The Sunshine State gets this nickname for good reason, and what better way to enjoy the beautiful weather that led to the moniker then by taking a stroll through the neighborhood? Whether walking to enjoy the day, meet up with friends, or as a form of a transportation, those who choose to walk in Florida are taking on a risky behavior.
This is because Florida ranks top in the nation for fatal pedestrian accidents. A report recently released by Smart Growth America finds that Florida is home to seven of the ten most dangerous cities in the nation for pedestrians. Researchers with the study report Orlando took first, the Palm Bay Melbourne area fourth, Daytona Beach fifth, Sarasota sixth, Tampa Bay eight, Lakeland ninth and Jacksonville tenth.
What does this mean?
This translates to over 53,000 pedestrian deaths between 2010 and 2019 — and it is only getting worse. The report also explains that the rate of annual pedestrian deaths is now 45% higher than it was in 2010.
Is the state doing anything to address the problem?
The state has mostly designed its roadways for speed over safety. Measures like smaller lanes and slower speed limits help to reduce the speed of traffic, which is an important step towards safer roads. This is because slower cars lead to less severe accidents. 85% of pedestrians struck by a car traveling at 45 miles per hour do not survive. This is in stark contrast to the fact that less than 5% of those struck by a vehicle at 20 miles per hour suffer fatal injuries.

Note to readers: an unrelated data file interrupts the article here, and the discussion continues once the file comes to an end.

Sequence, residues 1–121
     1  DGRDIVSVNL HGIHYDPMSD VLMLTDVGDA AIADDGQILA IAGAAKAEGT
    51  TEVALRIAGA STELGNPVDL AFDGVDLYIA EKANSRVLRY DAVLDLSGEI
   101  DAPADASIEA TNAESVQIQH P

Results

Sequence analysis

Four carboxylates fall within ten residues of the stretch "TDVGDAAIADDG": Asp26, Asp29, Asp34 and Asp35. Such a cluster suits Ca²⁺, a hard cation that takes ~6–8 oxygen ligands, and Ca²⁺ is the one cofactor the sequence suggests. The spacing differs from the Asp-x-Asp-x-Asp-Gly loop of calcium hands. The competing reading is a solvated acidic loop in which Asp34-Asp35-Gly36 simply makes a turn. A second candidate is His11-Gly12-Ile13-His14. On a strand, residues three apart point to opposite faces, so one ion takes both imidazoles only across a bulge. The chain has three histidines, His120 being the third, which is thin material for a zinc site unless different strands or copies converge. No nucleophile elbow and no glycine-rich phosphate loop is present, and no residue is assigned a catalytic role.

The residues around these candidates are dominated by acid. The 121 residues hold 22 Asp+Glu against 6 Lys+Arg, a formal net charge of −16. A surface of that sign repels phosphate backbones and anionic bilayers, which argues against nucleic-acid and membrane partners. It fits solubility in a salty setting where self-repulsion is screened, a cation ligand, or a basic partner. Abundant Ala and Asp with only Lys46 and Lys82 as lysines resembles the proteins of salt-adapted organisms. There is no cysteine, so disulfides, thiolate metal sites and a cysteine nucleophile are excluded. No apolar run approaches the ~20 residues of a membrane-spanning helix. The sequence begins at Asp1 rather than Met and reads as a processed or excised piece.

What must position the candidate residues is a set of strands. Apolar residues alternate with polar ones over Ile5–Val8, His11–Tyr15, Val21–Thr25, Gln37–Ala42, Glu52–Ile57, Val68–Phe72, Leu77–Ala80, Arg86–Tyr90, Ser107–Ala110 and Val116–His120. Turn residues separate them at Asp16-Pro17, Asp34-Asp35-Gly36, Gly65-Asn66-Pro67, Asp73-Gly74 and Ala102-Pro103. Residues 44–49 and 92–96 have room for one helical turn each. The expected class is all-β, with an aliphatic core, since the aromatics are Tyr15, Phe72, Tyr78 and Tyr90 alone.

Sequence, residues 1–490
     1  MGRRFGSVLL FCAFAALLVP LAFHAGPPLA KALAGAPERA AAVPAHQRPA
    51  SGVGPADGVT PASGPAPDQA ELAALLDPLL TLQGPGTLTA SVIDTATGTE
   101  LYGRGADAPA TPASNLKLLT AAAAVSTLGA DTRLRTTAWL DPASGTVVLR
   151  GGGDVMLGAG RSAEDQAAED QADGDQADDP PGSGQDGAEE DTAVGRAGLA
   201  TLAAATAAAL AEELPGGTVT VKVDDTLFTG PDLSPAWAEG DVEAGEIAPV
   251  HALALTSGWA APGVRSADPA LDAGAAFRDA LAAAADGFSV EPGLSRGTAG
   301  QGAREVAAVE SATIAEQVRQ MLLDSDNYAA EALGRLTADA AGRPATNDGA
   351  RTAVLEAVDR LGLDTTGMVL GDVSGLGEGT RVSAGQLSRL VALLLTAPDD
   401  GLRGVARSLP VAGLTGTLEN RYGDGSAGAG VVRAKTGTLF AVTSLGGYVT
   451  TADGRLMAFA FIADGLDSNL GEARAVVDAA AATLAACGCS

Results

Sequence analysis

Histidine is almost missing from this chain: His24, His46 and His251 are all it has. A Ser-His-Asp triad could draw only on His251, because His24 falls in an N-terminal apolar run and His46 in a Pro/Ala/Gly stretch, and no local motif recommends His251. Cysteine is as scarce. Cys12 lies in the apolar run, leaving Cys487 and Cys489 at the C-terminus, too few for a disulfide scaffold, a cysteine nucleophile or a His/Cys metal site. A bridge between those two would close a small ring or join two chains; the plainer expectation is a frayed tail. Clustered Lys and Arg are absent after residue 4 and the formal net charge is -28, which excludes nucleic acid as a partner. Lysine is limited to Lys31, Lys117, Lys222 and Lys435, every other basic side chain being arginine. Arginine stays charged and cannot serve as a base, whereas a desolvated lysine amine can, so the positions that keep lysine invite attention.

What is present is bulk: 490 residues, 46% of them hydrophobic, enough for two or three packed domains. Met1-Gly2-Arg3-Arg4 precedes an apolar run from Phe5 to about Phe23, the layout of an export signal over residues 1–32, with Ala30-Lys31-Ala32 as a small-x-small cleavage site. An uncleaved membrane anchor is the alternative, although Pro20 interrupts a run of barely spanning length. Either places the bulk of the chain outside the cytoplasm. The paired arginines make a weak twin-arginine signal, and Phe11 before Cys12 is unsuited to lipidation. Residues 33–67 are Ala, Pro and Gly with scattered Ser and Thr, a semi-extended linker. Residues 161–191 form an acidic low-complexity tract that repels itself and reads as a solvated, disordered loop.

The state has taken steps to address the problem, including the passage of Complete Streets policy in 2014. This plan calls for a robust and context-sensitive approach to transportation planning. It recognizes that planning in an urban area will be different from more rural locations and calls for appropriate planning. Bike lanes and raised crossings in busy cities, for example, makes sense while use of paved shoulders and fencing is more logical in rural locations.
Although good on paper, critics argue the plan has not led to needed results. Until the state implements these changes, these critics call on drivers to do their part.
What can Floridians and visitors do to help reduce the risk of accidents?
Drivers are required to operate their vehicles with care. This means following posted speed limits and safely slowing down or stopping when a pedestrian is in a marked crosswalk.
Those who are struck by a driver who fails to operate their vehicle with care can also help increase the safety of their communities by holding that driver accountable through a personal injury lawsuit. This will lead to funds to cover the costs that result from the accident while also deterring other drivers from making the same mistake.